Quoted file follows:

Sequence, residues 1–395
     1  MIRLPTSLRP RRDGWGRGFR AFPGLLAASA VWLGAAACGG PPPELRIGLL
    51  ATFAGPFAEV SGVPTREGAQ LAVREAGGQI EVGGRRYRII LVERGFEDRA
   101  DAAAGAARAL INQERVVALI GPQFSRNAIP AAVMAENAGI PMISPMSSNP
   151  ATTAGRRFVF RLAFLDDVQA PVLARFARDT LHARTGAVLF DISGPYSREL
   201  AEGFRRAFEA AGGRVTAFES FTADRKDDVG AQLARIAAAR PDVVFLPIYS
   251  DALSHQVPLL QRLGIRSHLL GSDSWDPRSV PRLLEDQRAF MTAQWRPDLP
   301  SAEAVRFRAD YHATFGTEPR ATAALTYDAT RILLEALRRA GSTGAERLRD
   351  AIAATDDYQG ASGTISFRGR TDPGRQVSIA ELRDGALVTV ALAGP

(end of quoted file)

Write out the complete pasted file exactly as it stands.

Sequence, residues 1–395
     1  MIRLPTSLRP RRDGWGRGFR AFPGLLAASA VWLGAAACGG PPPELRIGLL
    51  ATFAGPFAEV SGVPTREGAQ LAVREAGGQI EVGGRRYRII LVERGFEDRA
   101  DAAAGAARAL INQERVVALI GPQFSRNAIP AAVMAENAGI PMISPMSSNP
   151  ATTAGRRFVF RLAFLDDVQA PVLARFARDT LHARTGAVLF DISGPYSREL
   201  AEGFRRAFEA AGGRVTAFES FTADRKDDVG AQLARIAAAR PDVVFLPIYS
   251  DALSHQVPLL QRLGIRSHLL GSDSWDPRSV PRLLEDQRAF MTAQWRPDLP
   301  SAEAVRFRAD YHATFGTEPR ATAALTYDAT RILLEALRRA GSTGAERLRD
   351  AIAATDDYQG ASGTISFRGR TDPGRQVSIA ELRDGALVTV ALAGP